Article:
"Mein Ziel ist es", hat Lutz Büchner einmal gesagt, "ganz im Moment zu spielen." Wir verdanken ihm viele unvergessliche Momente. Mit ihm verlieren wir einen lieben Menschen, einen großen Künstler und einen wunderbaren Kollegen.
Redaktion NDR Bigband/Jazzredaktion
Google Translation of Stefan Gerdes’ obituary of Lutz Büchner: Trauer um Lutz Büchner -- The saxophonist Lutz Büchner died on March 11 during a Japan tour the NDR Bigband at the age of 47 years to a heart attack. It was a great happiness for the NDR Bigband, to have the man and musician Lutz Büchner for 22 years in its ranks. He was a magnificent, truly significant saxophonist with an unmistakable, unique play that even the oldest and often included jazz standard could abgewinnen new pages repeatedly. Above all, he also expressed his personality in the band a: his humor, his even temperament and his great interest in all things in life, which extended far beyond the music. Lutz Büchner was a real team player, before and behind the scenes.
Knuth: "He lived passionately and with music"
Joachim Knuth, NDR program director Radio: "The news of the death Lutz Büchner makes me very concerned I have experienced him as an amiable man who lived passionately and music Lutz Büchner had the Jazz in the blood He loved the playful use of... the music, the improvisation. the death of this impressive saxophonist for the NDR Bigband, for NDR, a great loss. My thoughts are at this time with the family and friends Lutz Büchner. "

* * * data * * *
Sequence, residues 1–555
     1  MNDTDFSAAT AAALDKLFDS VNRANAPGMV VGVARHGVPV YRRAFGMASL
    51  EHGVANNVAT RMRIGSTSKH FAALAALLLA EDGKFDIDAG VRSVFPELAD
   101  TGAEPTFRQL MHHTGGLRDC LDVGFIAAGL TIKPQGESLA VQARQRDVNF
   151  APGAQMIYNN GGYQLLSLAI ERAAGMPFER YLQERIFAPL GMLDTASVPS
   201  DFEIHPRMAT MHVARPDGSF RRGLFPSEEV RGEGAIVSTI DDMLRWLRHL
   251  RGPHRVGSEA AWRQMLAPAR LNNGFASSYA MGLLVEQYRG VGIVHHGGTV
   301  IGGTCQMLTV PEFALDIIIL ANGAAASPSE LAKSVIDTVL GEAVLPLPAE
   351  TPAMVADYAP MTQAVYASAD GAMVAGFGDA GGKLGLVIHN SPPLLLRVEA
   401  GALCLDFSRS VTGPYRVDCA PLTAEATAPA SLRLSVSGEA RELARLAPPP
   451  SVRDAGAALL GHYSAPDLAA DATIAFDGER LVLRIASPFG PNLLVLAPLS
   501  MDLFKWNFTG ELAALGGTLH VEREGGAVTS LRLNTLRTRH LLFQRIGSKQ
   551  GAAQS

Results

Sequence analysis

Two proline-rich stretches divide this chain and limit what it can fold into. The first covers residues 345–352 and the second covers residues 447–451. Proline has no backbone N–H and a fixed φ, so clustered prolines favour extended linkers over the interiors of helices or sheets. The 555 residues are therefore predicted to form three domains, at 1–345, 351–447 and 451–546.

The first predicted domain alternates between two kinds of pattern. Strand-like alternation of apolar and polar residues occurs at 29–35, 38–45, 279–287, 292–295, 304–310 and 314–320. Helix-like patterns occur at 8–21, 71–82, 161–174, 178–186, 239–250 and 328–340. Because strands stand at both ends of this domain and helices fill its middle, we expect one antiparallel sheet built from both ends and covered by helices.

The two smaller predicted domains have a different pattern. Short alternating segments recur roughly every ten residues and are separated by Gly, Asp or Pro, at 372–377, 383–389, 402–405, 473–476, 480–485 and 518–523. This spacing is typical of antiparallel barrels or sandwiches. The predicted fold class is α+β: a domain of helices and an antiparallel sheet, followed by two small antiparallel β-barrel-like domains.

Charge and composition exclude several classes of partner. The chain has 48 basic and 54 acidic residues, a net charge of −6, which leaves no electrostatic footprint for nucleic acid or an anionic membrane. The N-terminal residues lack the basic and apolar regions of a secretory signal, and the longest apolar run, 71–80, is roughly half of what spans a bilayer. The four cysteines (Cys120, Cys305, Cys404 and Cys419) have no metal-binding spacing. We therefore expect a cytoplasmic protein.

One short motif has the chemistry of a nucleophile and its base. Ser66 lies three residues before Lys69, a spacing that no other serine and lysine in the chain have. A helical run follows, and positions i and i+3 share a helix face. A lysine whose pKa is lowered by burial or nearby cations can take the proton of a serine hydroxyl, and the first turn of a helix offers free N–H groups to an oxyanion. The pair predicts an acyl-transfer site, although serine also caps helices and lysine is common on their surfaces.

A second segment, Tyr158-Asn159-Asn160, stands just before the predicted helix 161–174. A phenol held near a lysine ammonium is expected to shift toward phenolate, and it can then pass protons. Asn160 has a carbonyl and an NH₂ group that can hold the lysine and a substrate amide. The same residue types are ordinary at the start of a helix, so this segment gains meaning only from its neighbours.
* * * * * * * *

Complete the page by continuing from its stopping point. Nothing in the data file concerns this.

Daughter Lutz Büchner we in the mission on March 20, from 22:05 some of his most beautiful recordings with the NDR Bigband ago.
Fascinated by Miles Davis
Lutz Büchner was born on August 5, 1968 in Bremen. He took an early interest in music, got classical clarinet lessons and discovered as a teenager after a concert jazz. When he heard the trumpeter Miles Davis, he was fascinated by the opportunity to express themselves beyond the written notes on a very personal way. he wanted to devote himself to this improvised, always reinventing music.